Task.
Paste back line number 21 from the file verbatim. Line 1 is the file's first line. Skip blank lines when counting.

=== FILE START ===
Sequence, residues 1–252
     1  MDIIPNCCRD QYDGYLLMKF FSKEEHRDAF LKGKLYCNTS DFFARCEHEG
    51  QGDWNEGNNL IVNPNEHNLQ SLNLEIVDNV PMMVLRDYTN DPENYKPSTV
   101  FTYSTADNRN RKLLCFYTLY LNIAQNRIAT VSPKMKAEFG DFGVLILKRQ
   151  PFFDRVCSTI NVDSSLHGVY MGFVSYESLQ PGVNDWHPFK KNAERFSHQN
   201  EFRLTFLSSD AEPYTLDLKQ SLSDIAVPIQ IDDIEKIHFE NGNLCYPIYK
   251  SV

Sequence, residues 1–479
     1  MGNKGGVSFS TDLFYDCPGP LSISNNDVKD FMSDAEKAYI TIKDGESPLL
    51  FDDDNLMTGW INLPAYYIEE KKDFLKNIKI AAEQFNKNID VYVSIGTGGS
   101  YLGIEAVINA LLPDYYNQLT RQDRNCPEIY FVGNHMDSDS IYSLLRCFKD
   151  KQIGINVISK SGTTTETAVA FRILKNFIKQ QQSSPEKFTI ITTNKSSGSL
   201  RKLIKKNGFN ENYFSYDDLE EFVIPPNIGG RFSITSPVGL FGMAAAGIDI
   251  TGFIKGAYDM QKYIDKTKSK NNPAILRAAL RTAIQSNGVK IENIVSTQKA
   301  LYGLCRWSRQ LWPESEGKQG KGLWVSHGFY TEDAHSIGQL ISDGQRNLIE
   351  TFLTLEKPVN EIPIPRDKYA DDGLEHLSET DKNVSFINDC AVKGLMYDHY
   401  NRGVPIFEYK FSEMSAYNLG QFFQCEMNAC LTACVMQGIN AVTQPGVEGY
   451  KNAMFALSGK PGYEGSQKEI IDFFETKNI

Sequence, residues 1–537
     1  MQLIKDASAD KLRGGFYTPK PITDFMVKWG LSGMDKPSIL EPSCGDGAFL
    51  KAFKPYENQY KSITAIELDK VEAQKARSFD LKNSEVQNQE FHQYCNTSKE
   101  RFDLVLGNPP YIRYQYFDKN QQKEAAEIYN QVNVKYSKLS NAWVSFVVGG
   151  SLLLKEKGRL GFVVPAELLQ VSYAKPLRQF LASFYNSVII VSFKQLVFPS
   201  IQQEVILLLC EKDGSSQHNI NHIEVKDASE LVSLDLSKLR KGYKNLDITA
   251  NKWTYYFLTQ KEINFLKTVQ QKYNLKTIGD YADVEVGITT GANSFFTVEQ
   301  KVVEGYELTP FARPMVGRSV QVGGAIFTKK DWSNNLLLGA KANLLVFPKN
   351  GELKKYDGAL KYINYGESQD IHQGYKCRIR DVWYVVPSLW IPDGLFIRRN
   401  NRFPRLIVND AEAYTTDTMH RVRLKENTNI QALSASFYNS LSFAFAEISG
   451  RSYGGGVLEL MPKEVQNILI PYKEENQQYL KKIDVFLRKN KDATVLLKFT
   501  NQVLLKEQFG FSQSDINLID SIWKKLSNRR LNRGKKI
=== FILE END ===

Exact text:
    51  KAFKPYENQY KSITAIELDK VEAQKARSFD LKNSEVQNQE FHQYCNTSKE